Largemouth bass – Florida bucket-mouths – are showing up in abundance this winter, with an outstanding year projected by Florida Fish and Wildlife Conservation Commission (FWC) biologists.
The first year of TrophyCatch ended, and the awards were all given out, but the challenge is on for year two.
TrophyCatch rewards anglers for catching, documenting and releasing largemouth bass heavier than 8 pounds in Florida.
Bob Williams of Alloway, N.J., earned the TrophyCatch Championship ring for the first season. It was presented at Bass Pro Shops in Orlando last month by Keith Alan, from the American Outdoors Fund, and Tom Champeau, director of the FWC’s Division of Freshwater Fisheries Management. Williams’ winning catch was a 13-pound, 14-ounce largemouth from Rodman Reservoir. He previously earned a free ($500 value) fiberglass replica of his catch and other awards totaling approximately $1,000.
A $10,000 check was handed to Peter Perez at a special ceremony at West Lake Tohopekaliga by Experience Kissimmee representatives Debby Guertin and Terry Segraves, along with Champeau. Perez caught the largest TrophyCatch-verified bass from Osceola County to win the prize. He caught his winning 12-pound, 3-ounce bass last March in a neighborhood pond on a Rat-L-Trap.
The winner of the 2013 Phoenix 619 bass boat, powered by Mercury, was surprised angler Frank Ay. His prize was presented to him following a club tournament on Lake Okeechobee by professional bass angler Bobby Lane, Champeau and KP Clements, the TrophyCatch coordinator. Ay won the $40,000 grand prize via a random drawing from among 4,000 anglers who registered for TrophyCatch the first season. See the TrophyCatch Florida YouTube channel (YouTube.com/TrophyCatchFlorida) for coverage of these awards.
For the second year, which began Oct. 1, documenting a TrophyCatch has gotten simpler. Start with a free registration at TrophyCatchFlorida.com, and you will be entered to win a Phoenix bass boat, powered by Mercury and equipped with a PowerPole. This year the only required photo is one of the entire bass (head to tail) on a scale, with the weight visible. Always attempt to get that shot, but if it isn’t perfect, supplement it with a close-up of the scale, a photo of the entire fish on a bumpboard or tape measure, and maybe even a shot of the bass’s girth. This will help biologists determine if the fish is eligible for recognition. You can also submit a bragging photo and perhaps a release photo on the website. Every verified entry gives you 10 more chances for the Phoenix boat drawing in October.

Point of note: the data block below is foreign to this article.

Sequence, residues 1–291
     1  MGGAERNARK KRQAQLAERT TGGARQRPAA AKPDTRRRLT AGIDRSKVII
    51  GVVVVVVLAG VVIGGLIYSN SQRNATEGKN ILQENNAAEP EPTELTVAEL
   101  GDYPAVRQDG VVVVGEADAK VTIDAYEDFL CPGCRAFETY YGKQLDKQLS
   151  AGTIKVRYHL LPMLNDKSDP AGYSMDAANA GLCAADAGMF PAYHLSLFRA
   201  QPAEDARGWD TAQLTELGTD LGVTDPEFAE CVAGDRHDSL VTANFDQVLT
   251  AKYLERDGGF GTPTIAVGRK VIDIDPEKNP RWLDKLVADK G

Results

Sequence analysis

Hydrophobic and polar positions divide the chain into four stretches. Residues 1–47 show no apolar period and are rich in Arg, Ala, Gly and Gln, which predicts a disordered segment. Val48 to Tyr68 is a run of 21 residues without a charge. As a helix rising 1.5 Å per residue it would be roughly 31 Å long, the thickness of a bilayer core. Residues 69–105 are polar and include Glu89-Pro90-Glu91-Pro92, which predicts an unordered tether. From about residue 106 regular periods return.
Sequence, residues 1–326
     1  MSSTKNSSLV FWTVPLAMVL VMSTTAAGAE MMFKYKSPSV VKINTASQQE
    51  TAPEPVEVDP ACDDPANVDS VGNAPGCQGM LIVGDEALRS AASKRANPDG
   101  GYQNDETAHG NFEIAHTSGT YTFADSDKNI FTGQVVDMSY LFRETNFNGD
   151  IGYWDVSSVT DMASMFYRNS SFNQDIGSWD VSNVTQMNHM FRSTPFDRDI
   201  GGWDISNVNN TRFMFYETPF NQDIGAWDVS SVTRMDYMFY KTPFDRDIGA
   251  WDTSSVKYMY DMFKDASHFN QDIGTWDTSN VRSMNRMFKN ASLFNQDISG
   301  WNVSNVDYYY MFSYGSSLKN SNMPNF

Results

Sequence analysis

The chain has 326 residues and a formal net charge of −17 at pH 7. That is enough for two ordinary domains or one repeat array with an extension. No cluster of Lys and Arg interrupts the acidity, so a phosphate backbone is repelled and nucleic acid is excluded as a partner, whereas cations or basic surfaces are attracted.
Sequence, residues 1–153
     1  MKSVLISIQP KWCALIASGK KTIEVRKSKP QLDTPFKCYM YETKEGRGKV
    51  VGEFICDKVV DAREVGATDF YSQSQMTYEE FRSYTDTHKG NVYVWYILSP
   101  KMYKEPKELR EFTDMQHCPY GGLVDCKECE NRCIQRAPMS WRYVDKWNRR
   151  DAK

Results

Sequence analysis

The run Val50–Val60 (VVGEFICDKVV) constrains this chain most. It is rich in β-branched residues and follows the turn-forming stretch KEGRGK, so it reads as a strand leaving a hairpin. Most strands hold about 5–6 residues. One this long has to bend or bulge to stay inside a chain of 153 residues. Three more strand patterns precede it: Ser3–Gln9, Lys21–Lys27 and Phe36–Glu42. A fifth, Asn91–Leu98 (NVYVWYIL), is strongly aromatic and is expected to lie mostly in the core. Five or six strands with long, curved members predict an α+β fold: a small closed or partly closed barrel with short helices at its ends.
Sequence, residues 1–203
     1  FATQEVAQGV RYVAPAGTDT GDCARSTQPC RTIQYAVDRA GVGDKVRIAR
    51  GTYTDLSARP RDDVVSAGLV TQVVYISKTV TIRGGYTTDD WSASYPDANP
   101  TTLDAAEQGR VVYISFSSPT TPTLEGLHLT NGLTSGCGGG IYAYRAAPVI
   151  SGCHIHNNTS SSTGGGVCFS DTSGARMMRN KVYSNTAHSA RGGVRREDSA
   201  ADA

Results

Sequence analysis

The second year is off to a great start, with 63 Lunker entries (8-9.9 pounds) and 26 Trophy Club (10-12.9 pounds) recorded in less than the first four months, and more than twice as many entries in December 2013 compared with December 2012. The first possible Hall of Fame entry (greater than 13 pounds) is awaiting verification. Besides checking out the gallery, under “view catches” at TrophyCatchFlorida.com, you should also review the rules and prizes. Then follow us at Facebook.com/TrophyCatchFlorida to see the latest entries and get updates on special events.
The peak season is still in front of us, and FWC biologists have worked to narrow down a list of top sites to recommend to bass anglers for 2014 based on data from anglers, scientific sampling and an understanding of habitat trends and local conditions. By participating in TrophyCatch, you can help these biologists improve management and conservation of trophy bass. By releasing them alive (a mandatory condition of TrophyCatch), you will help sustain the fishery for the future and be rewarded. Rewards start, for Lunker Club entries (8-9.9 pounds), with $100 in gift cards, from partners like Bass Pro Shops, Rapala and/or Dick’s Sporting Goods and are complemented by custom apparel by Bass King Clothing, a personalized certificate and window decal.
Below is a list of top bass fishing sites. See MyFWC.com/Fishing and click on “Fishing Sites/Forecasts” to find more details, lots of specific local fishing tips, local contacts, specific rules, access points, attractors, ramps and quarterly updates. The website also includes top destinations for other black bass species (e.g., spotted bass, shoal bass and Suwannee bass) and other freshwater fishes (e.g., bream, crappie, catfish and striped bass).
• West Lake Tohopekaliga (Lake Toho; 18,810 acres)
• Lake Kissimmee (34,976 acres)
• Lake George (46,000 acres)
• Lake Monroe (9,400 acres)
• Rodman Reservoir (9,500 acres)
• Lake Tarpon (2,500 acres)
• Lake Istokpoga (28,000 acres)
• Tenoroc Fish Management Area (8,400 acres)
• Winter Haven Chain of Lakes (more than 4,000 acres of fishable waters)
• Mosaic Fish Management Area (1,000 acres)
• Lake Weohyakapka (Lake Walk-in-Water; 7,500 acres)
• Lake Okeechobee (470,000 acres)
• Everglades Water Conservation areas 2 and 3 (1,125 square miles)